Buses to Ghent arrive in the city from most major Belgian cities including Brussels and Antwerp as well as from major European cities including London, Paris, Cologne and Amsterdam. Regional and local buses also arrive in Ghent from the surrounding towns, village and suburbs. International and national bus travel is provided by Eurolines, Postbus and Megabus whilst Flibico provides a shuttle bus service to other Belgian cities and airports. Eurolines and Postbus services arrive at Gent-Dampoort rail station which is located 1.5 km to the east of the city. The Megabus from London, Brussels and Amsterdam stops at the Campanile Hotel Gent in Akkerhage which is found 5 km to the south of Ghent. Those arriving by Megabus will need to get a local 67 or 65 bus service to the city centre from the nearby Gent Proeftuinstraat stop. The main bus terminals for local bus travel is Gent-Sint-Pieters to the southeast of the centre and Gent-Zuid to the south west.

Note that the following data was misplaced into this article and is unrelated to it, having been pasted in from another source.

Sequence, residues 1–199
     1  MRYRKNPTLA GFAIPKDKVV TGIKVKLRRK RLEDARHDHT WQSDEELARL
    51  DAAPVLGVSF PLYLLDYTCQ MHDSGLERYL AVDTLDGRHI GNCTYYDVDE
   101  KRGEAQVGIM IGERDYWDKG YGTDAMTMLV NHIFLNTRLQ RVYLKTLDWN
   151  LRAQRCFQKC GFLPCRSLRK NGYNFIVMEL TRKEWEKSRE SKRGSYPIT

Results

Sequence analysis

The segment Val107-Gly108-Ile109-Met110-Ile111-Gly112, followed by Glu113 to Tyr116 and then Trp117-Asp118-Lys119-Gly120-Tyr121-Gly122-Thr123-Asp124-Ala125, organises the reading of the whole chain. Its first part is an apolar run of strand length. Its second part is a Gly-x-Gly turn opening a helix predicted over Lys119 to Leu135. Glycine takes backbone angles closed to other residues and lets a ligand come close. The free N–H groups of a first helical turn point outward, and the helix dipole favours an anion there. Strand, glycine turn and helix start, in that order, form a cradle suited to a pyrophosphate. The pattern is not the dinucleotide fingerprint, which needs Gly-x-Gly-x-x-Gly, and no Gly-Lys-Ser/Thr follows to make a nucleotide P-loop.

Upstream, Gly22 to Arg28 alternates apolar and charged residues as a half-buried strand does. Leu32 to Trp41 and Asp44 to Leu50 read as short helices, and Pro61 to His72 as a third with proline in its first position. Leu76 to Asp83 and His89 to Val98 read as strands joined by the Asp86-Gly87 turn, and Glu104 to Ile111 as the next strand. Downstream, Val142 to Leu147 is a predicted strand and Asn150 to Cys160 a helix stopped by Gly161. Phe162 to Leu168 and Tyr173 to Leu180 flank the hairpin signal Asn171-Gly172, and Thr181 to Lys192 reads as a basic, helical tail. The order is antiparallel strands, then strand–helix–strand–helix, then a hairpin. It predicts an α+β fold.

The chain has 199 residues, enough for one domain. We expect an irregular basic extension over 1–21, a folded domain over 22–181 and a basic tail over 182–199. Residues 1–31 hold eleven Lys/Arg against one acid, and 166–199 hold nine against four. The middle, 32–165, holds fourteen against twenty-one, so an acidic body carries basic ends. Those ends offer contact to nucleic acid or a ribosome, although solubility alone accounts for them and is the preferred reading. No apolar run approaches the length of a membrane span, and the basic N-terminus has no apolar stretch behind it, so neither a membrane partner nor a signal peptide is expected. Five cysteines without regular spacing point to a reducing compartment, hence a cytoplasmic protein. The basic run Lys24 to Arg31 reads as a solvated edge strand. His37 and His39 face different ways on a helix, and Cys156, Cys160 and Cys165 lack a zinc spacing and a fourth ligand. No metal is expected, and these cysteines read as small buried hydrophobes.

Ghent is one of Belgium's most enduringly charming cities. Ghent enjoys the buzz of a larger city but with a better conserved historic centre and more of a community feel. Ghent was once the second biggest city in Northern Europe after Paris, and much of its rich trading past can be experienced by just wandering around and viewing the stunning architecture and facades. Highlights include the city's Belfry and Cloth Hall. The Bell itself is a symbol of the city's independence whilst the Cloth Hall signifies Ghent's importance in the cloth trade. The breathtaking St. Bavos Cathedral boasts a mix of Romanesque, Baroque and Gothic architecture and is also home to the Adoration of the Mystic Lamp. Further buildings of note include the 12th century Castle of the Counts and the Voorhuit concert space that pays homage to the city's socio-democratic past and showcases it's best Art Deco architecture.